Philia Hall quickly gained a following of avid fans and, since 1993, its calendar has annually included about 40 hall-produced concerts. Then, last year, Tokyu Department Stores decided to close the Aobadai store. When word of the store's closing was released, Philia Hall's devoted, music-loving fans naturally worried over the fate of the hall they had come to value highly. Luckily, Tokyu Railroad Corporation's plans to continue supporting the hall were unaffected by the decision to close the department store. For several months, Philia Hall's lively atmosphere and concert activities continued as always on the building's top floor, while the floors below stood dark and empty. In March 2001, replacement tenants were found for the building's commercial space and the entire structure again bustles with shoppers and concertgoers alike.

<< Why the Tokyu Group Kept Philia Hall Open While Closing Stores >>

By continuing to support its nonprofit Philia Hall while closing its department store branch in the same building, the Tokyu Group's parent railroad corporation demonstrated its unswerving commitment to supporting culture and the arts, even in these difficult economic times. However, I think that Philia Hall's fine track record of consistently attracting large audiences to its concert programs must have been a significant factor in Tokyu's decision to keep the hall in operation.

It is common knowledge that halls for the performing arts do not generate profits (except for a small number of commercially oriented venues) and there could be no question about the Tokyu Group's need to tighten its financial belt since it took the draconian step of shutting down the entire Aobadai department store location. In this environment, halls must demonstrate a consistently strong occupancy rate in order to garner philanthropic support or public funding. While this may seem obvious to some readers, in Japan there are many halls, especially public ones, that are ridiculed for being so empty that strolling their premises is not much different than a solitary walk in the woods. What is the secret of Philia Hall's success? To find out, I paid a visit to Ms. Reiko Tanaka, Philia Hall's Planning Manager.

<< Philia Hall's Upbeat Management and Positive Balance Sheet >>

Ms. Tanaka began her career with Philia Hall when the hall opened. She was a college student at the time and hired on as a part-timer. When I first met this manager, I was immediately struck by her positive attitude. I soon learned at least one of the reasons for her buoyant enthusiasm. Philia Hall's hall-produced concert budget is in black year after year.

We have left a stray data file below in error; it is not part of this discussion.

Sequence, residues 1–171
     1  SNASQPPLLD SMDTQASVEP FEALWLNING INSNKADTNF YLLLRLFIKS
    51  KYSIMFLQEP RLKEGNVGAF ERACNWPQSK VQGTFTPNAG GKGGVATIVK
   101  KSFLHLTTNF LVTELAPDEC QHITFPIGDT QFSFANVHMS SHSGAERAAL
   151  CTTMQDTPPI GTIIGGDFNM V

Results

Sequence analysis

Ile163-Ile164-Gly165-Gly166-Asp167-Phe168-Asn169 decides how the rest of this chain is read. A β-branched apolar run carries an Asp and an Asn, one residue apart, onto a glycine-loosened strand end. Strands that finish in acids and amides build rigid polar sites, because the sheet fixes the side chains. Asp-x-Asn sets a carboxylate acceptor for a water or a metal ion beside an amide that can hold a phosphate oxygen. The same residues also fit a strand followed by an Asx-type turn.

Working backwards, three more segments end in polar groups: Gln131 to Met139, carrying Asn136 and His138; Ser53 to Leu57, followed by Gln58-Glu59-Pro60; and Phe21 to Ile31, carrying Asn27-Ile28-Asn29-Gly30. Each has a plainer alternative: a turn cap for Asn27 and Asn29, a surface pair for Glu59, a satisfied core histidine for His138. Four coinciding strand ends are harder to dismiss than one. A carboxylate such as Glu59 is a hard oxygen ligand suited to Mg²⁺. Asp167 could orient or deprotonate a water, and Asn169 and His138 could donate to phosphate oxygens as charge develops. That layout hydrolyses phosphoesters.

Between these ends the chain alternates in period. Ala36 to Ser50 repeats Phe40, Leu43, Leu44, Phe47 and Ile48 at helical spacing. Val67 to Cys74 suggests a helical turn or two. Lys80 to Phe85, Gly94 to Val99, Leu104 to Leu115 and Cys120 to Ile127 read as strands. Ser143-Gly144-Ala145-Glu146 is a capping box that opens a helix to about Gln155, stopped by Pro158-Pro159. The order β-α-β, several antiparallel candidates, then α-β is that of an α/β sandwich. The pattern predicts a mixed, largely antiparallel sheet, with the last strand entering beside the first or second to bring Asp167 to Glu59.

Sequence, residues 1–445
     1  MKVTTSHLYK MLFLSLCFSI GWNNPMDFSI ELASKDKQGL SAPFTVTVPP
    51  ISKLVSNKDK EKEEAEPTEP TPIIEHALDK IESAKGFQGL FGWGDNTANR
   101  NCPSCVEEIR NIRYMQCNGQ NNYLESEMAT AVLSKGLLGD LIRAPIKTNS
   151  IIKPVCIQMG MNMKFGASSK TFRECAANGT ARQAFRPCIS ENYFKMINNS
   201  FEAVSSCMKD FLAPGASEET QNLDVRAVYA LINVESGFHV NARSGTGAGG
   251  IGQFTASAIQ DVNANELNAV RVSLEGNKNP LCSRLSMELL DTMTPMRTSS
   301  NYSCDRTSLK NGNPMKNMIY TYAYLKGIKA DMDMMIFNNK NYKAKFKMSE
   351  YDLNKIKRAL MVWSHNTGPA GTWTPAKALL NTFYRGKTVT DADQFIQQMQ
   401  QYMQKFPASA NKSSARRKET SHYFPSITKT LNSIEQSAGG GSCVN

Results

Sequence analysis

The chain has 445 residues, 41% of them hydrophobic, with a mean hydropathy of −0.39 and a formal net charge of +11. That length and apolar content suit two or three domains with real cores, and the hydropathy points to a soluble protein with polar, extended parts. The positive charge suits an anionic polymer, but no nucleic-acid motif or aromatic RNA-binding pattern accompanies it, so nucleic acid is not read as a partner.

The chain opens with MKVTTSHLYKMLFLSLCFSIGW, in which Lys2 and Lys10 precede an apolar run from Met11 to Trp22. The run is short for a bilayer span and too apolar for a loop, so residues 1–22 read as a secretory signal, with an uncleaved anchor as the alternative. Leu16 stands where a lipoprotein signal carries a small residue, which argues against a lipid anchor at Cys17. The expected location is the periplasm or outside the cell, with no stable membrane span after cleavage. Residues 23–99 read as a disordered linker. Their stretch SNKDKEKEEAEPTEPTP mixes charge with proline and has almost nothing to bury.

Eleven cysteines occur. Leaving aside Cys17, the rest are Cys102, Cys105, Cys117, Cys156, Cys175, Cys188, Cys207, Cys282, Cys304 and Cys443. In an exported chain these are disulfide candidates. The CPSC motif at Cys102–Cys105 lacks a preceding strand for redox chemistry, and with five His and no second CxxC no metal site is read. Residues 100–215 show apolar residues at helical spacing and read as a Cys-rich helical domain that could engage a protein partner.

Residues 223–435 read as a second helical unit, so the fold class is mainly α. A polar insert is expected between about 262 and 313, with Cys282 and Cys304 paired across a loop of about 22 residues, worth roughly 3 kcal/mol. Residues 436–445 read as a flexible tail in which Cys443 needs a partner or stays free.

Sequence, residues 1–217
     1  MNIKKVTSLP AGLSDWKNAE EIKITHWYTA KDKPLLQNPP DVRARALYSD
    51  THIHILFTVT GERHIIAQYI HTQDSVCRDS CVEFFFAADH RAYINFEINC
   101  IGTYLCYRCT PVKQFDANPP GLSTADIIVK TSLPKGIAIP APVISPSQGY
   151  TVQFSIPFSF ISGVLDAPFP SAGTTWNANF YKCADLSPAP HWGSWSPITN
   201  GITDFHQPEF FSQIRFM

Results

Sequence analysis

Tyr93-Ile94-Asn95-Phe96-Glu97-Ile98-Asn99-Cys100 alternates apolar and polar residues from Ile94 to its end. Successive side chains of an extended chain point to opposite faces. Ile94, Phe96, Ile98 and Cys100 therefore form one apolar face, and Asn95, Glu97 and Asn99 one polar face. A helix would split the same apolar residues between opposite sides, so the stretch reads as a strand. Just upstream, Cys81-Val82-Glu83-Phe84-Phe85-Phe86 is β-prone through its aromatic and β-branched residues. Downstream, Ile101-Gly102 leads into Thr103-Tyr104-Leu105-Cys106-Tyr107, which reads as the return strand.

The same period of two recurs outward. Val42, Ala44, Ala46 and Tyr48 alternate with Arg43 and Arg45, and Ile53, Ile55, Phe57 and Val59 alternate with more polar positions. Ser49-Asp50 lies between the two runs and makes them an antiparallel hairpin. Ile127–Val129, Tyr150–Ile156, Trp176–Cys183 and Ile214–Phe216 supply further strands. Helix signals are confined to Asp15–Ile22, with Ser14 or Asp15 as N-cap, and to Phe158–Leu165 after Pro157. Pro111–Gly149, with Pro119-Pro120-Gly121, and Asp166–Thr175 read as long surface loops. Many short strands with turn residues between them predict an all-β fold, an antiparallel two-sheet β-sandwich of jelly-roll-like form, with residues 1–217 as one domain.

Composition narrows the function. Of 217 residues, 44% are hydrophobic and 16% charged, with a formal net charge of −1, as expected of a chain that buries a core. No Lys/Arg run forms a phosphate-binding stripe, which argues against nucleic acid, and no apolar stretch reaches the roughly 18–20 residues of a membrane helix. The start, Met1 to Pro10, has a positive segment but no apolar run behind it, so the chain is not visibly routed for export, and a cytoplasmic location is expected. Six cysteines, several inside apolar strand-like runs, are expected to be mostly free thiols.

A look at what Ms. Tanaka's budget covers helps explain how she can continuously run Philia Hall's concert programming production without also running up a deficit. The hall budget for which she is responsible balances income from ticket sales against fees to performers, program production costs and concert advertising only. Employee salaries and hall overhead are paid from a separate budget of the corporation. Nevertheless, the self-sustaining concert production budget is a source of pride and strength not only to the hall's audience patrons and performers, but to the hall's staff and maintenance organization, too. It drives Ms. Tanaka's enthusiasm and is a valuable metric she can use in retaining the Tokyu Group's ongoing support.

<< Philia Hall's Strong Ticket Sales and Advance Sale Strategy >>

Of course, in order to cover all production-related concert costs from ticket revenues alone, Philia Hall must aim for a high audience occupancy rate. The hall sets its goal at 85%. For the period April 2000 through June 2000, the hall's concerts achieved an average audience occupancy of 87%, and half of the hall-produced concerts during that same period were box office sell-outs.

Philia Hall uses a unique direct marketing scheme to promote upcoming concerts. Whenever a patron buys an advance sale ticket, the hall requests the person's name and address, which it enters into a database. Thereafter, the hall includes these names and addresses in its mailings of upcoming concerts. The mailings include prepaid return-mail postcards, which the DM recipients can use to purchase tickets for the upcoming concerts. The hall currently has a database of 20,000 names and it sends out each mailing to half of the names in the database.

Unlike many other Japanese halls, Philia Hall does not have a "Friends Society" or other membership scheme with the typical ticket discounts usually included with these kinds of memberships. On the contrary, there is no need to join anything or pay any membership dues to receive the hall's mailings. Ms. Tanaka says that she receives feedback from hall patrons that they appreciate the convenience of preferentially receiving advance notice of concerts via the mailings that come directly to their homes, and the ability to nearly effortlessly purchase tickets using the prepaid return-mail postcards. While Philia Hall's direct mail method causes the hall to incur all of the postage costs for both the mailings from the hall to patrons and from ticket purchasers to the hall, the hall considers the benefit of creating an easy ticket purchase method worth these costs.

One possible downside of Philia Hall's advance ticket sale strategy is that the hall sometimes receives a flood of more than 1,000 postcards immediately after sending out a mailing announcing an especially popular concert program. In these instances, the hall additionally incurs the labor and cost of sending out "apology letters" to a portion of the respondents, explaining that the concert has sold out. But this is a downside that any hall would be happy to shoulder.